An Introduction to Divine Mercy This is the handbook that has introduced millions of souls to the life-changing message that brings hope to a hurting world. Covering every a... Read more
'It's a Different World Now'
By Jeanette Flood
When Amy Taylor tries to sum up the Sandy Hook Elementary School tragedy, the word she finds almost one year later is mercy.
A native of the close-knit, quiet community of Newtown, Conn., Amy had attended Sandy Hook Elementary herself. She began working at St. Rose of Lima Parish, the sole Catholic church in the area, as sacramental coordinator for grades 5-8 soon after graduating from Franciscan University, in Steubenville, Ohio.
Amy was in her office at St. Rose on Friday, Dec. 14, 2012, when she heard a cacophony of sirens. When she and the staff learned there was a gunman at Sandy Hook, they prayed the Divine Mercy Chaplet. Later, the priests and religious went to the firehouse to support the families of the victims — 20 children and six adults. Amy stayed at the parish, helping in whatever way she could. A special Mass was offered that evening, and the church overflowed by the hundreds.
On the Monday following the tragedy, St. Rose pastor Monsignor Robert Weiss sent the pastoral and school staff out two by two to visit the nine parish families who had lost a loved one. Amy visited two families and helped in planning funeral services.
Monsignor Weiss says Amy served these families "with compassion and love" and that her presence at every child's wake and funeral "brought much consolation and peace." She was the youngest staff member, but she did everything she could to assist the pastoral care offered by the parish.
"Being new in ministry is challenge enough for any person," Monsignor Weiss points out, "but to be called to stand in the midst of such tragedy as we experienced is a true test of commitment to the Gospel. I am certain that this experience deepened her already strong faith."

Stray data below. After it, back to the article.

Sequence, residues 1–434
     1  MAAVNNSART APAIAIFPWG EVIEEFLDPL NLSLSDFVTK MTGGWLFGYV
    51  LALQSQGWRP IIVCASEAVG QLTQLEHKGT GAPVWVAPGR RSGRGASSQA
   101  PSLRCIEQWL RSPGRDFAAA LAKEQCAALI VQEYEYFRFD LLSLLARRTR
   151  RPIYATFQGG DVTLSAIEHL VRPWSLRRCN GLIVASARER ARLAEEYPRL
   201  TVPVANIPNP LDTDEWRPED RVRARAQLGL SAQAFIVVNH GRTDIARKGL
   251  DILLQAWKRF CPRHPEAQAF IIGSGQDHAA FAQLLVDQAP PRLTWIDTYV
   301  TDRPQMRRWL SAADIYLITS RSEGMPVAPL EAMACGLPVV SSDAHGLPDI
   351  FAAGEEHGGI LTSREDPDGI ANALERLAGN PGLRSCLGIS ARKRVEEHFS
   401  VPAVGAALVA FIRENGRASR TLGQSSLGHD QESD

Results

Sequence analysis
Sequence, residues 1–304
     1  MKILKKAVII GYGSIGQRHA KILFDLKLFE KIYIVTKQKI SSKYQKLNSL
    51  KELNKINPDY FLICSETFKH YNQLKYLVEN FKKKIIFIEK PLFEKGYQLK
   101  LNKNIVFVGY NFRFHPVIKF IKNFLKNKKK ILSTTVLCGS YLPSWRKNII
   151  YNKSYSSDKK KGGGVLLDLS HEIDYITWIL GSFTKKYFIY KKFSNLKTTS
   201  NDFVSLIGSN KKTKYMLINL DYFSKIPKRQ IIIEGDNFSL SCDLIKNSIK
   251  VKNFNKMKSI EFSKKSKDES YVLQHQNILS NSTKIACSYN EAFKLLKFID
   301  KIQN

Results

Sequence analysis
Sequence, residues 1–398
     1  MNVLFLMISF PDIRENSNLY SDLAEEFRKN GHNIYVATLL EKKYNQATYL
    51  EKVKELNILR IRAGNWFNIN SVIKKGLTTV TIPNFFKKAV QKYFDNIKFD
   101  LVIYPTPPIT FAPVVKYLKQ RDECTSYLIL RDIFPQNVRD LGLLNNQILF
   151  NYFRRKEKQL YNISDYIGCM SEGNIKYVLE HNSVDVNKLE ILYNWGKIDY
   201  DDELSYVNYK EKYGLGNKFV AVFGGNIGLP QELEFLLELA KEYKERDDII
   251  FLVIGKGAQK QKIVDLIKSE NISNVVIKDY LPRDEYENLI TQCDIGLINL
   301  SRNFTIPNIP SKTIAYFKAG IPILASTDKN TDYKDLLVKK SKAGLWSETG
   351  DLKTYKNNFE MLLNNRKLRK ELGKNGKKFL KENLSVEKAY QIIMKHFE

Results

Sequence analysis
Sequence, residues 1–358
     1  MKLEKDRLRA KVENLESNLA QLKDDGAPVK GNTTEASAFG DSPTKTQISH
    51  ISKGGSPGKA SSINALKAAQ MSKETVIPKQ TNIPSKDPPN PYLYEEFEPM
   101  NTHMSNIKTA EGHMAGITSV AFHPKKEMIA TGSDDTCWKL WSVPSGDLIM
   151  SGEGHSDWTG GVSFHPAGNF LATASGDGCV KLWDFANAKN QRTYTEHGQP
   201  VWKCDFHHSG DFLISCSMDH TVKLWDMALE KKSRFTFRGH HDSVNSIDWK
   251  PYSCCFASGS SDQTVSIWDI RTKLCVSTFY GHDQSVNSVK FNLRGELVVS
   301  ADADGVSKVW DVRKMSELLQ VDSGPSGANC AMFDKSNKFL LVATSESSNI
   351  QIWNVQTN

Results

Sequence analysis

Naturally, the shooting took a toll on Amy, as on everyone else. "A lot of fear has built up inside of me," she admits. "It's a different world now." She thinks of Sandy Hook every single day. "My heart sinks when I drive past the school."
Still the tragedy has changed her in positive ways, too: "I realize that life is so short," Amy says. "I count my blessings more; I'm more serious about my faith. I live each day as best I can. It's changed the way I look at eternal life."
Having studied at Franciscan University of Steubenville proved invaluable.
"Nothing could have prepared me for a tragedy of this magnitude," Amy reflects, "but my time at Franciscan and my major [theology/catechetics] prepared me as nothing else could have. My knowledge of the Catholic faith helped me get through this intellectually, and practicing it at Franciscan strengthened me. What I learned both inside and outside the classroom sustained my faith. Franciscan taught me to be mercy to others, to be Christ's hands and feet. Household taught me how to love and to be present. For a lot of the families, that's all I could do. There's nothing that one could say."
Amy's faith isn't based on a claim to understand. "There's no explanation for something like this," she says. "All one can do is surrender. God can make good come out of anything. Those kids didn't die in vain."
And she has witnessed some of the good that God in His mercy is bringing about already. The tragedy has brought people together. Masses are more crowded. People recognize the importance of family, and of coming to church as a family. Gratitude and faith have deepened.
"This kind of thing can cause people to question — which can be good," Amy points out. "We're having conversations about things like free will. There are kids and adults who are looking at the faith more seriously. There are definitely some 'glory stories.'"
Divine mercy has seeped into her own soul. Amy prays a great deal for the families of the victims. But she doesn't forget the gunman, who was, she says, "so broken."
"If any soul needs mercy and prayer, it's him," she says. "I recall what St. Faustina said: 'The greater the sinner, the greater his right to God's mercy.'"
That mercy is spreading, too. There are billboards around the area reading: "We are Sandy Hook. We choose love." And on Divine Mercy Sunday, after Amy and the youth group prayed the chaplet, they saw a huge rainbow over St. Rose of Lima Church.
Jeanette Flood writes from Lakewood, Ohio. This article first appeared in Franciscan Way, a publication of Franciscan University of Steubenville, and is posted here with their permission.